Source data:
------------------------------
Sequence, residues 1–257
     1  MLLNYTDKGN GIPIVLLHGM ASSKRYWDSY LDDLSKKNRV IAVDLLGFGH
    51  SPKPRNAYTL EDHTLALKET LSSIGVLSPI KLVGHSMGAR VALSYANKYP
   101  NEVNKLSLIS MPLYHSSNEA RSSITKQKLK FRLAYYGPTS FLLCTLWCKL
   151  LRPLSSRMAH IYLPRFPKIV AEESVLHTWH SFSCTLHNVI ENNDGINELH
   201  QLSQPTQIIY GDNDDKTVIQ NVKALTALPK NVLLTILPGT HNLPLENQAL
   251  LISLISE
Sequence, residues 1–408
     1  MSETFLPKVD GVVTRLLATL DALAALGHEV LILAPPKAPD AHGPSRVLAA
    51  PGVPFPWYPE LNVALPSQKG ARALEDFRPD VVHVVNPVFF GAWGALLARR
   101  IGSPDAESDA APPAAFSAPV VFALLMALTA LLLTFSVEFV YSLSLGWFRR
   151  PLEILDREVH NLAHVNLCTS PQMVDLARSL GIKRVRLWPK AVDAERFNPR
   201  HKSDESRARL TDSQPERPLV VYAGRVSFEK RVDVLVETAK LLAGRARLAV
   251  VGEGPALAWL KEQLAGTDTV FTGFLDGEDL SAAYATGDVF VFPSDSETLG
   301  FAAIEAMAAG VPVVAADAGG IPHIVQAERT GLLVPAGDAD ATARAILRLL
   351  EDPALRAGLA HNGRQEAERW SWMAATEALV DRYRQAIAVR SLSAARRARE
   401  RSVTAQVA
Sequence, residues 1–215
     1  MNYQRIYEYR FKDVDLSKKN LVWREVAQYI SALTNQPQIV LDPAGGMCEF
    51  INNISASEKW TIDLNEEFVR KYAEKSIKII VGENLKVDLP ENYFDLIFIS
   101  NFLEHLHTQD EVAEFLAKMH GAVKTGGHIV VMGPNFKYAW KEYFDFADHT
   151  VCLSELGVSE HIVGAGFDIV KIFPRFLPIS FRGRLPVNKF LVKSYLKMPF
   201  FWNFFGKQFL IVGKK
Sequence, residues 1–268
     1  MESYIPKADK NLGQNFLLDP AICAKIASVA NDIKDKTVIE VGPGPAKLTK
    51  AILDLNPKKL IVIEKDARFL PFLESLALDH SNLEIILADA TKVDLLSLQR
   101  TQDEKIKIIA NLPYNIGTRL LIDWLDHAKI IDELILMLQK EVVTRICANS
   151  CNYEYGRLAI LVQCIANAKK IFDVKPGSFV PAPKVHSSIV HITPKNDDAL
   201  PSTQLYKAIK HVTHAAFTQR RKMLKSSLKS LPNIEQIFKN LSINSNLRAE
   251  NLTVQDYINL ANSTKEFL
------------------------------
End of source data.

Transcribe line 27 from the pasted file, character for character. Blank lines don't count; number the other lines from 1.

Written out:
   101  TQDEKIKIIA NLPYNIGTRL LIDWLDHAKI IDELILMLQK EVVTRICANS